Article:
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  • thin-woodsman
    replied
    Earlier this year, I purchased a Snapmaker 2 (A350 - the large one). Purportedly a decent 3D printer, and the extra features (laser engraver, underpowered CBC router, everything run via CAN bus) were just an excuse to justify the extra $$$.

    I went through about a month of tweaking, calibrating, etc, and the machine is now sitting idle and has been since late April. The reason for this is that I could not get prints produced to exact dimensions (a 1/4" hole, for example, might be 0.213, or the edges of a dovetail might be 0.010 oversized and therefore not fit the qctp), and the answer to this problem is basically 1) use an enclosure, 2) micromanage the hell outta the filament, 3) add fans fans and more fans. I was just working on the enclosure last night, should have it sufficient for 3-d printing tonight (will still need to add shop-vac ports for the CNC, and laser-sheidling for the engraver), then I will be adding an inline filament drier and machining some mods for the print head to take the bowden tube from the drier and to provide mounts for a fan and a dial indicator.

    In short: 3D printing is a huge time sink, and the constant refrain on 3D printing forums is "learn, keep learning, learn for months and enjoy your new hobby". I confess that I am not short of hobby, I am short of time, and I specifically purchsed a 3D printer to speed up some work in the shop.

    Ah, now we get to the topic: what is the printer used for? I use it, or intend to use it, to produce prototypes out of PLA before cutting any metal. This requires an STL file of course, which forces me to pay more attention to the design, but it beats cut-and-fit. I've been using OpenSCAD for the design work, and it's pretty decent if you have a programming bent, but as the projects get more complex projects I will likely start using FreeCAD.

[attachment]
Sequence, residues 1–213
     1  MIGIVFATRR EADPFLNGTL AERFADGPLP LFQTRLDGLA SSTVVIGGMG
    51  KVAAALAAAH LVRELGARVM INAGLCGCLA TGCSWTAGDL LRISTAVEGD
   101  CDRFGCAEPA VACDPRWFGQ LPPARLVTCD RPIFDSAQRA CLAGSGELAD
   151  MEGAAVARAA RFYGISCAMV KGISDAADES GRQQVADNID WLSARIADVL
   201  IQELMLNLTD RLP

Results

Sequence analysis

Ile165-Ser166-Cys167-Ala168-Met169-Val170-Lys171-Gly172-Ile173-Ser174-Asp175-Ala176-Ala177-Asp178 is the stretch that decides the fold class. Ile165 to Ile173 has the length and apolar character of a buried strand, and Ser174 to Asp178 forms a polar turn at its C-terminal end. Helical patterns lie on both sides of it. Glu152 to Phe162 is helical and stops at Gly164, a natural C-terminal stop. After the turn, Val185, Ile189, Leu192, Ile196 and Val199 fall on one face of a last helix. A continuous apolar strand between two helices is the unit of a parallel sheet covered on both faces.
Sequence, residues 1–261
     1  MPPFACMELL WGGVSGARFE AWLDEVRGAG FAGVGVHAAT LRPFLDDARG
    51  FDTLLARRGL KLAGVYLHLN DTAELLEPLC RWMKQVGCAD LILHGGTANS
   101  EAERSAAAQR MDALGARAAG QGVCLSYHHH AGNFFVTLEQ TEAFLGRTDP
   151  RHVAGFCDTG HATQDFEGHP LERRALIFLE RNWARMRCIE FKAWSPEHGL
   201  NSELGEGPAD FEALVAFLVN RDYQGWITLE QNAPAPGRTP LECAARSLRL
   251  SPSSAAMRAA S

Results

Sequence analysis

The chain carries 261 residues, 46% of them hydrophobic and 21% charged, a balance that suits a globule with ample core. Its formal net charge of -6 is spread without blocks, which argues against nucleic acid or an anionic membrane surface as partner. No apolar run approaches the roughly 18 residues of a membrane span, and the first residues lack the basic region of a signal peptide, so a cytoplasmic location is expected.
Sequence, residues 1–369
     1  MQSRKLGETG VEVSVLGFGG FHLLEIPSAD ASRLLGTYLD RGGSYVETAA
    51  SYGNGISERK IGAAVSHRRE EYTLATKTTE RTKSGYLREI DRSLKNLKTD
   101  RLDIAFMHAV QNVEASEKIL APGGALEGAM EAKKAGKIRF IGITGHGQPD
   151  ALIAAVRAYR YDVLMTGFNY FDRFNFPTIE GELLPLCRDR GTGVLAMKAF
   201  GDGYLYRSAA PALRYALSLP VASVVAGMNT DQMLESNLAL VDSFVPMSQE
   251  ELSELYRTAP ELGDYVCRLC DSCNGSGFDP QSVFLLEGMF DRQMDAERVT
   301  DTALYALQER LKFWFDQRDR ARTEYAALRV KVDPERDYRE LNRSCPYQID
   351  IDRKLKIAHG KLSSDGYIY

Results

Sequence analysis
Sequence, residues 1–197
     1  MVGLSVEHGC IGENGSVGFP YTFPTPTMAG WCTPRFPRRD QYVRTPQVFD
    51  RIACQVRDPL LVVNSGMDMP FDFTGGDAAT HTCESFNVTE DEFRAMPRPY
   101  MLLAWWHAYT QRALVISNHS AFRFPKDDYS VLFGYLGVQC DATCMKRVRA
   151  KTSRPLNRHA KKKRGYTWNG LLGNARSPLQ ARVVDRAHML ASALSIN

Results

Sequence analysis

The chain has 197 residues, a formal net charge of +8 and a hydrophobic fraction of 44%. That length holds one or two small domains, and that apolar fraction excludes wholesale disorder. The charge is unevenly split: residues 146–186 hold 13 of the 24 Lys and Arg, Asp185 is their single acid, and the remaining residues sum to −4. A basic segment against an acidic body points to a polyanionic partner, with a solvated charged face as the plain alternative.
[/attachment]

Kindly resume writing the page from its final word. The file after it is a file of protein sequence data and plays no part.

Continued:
Oh, and shop-vac nozzes. You can print custom shop-vac nozzles, It's great. Thinking about making one sized for Bridgeport T-slots which has a coarse mesh at the rear to catch stringers before they clog up the hose.

    Leave a comment:


  • elf
    replied
    Originally posted by garyhlucas View Post
    I have my grandsons 3d printer in my office. It is a Wanhao PowerSpec installed on a drawer slide in a 2 door metal cabinet. There is a large activated charcoal filter with a fan inside to get rid of the ABS smell. The cabinet helps keep it warm which helps with the ABS.

    The printer has suddenly stopped working and I haven’t found the cause. All axis move and it properly runs the bed leveling routine. However when you start a program the bed and the extruder heat to the proper temperatures, then it fails to start printing. Nothing moves and temperatures fall right off. Tried lots of different programs, different memory cards. I took it apart and looked for loose wires, overheated connections etc. but found nothing. Any ideas?
    Take a look at the gcode as well.

    Leave a comment:


  • Stu
    replied
    Originally posted by garyhlucas View Post
    I have my grandsons 3d printer in my office. It is a Wanhao PowerSpec installed on a drawer slide in a 2 door metal cabinet. There is a large activated charcoal filter with a fan inside to get rid of the ABS smell. The cabinet helps keep it warm which helps with the ABS.

    The printer has suddenly stopped working and I haven’t found the cause. All axis move and it properly runs the bed leveling routine. However when you start a program the bed and the extruder heat to the proper temperatures, then it fails to start printing. Nothing moves and temperatures fall right off. Tried lots of different programs, different memory cards. I took it apart and looked for loose wires, overheated connections etc. but found nothing. Any ideas?
    could be a clogged nozzle, could be a bad extruder or extruder stepper or stepper driver

    Leave a comment:


  • Bented
    replied
    This is like asking "milling machine uses".

    A particular mill will make any part that it is capable of producing.

    A 3D printer will do the same, buy one that will produce the required parts.

    Leave a comment:


  • Paul Alciatore
    replied
    As I used the fast button on my mill's power feed I knocked my water glass on the floor. I am thinking about 3-D printing a cup holder for the mill. And perhaps a second one for the lathe.

    Many, MANY other uses.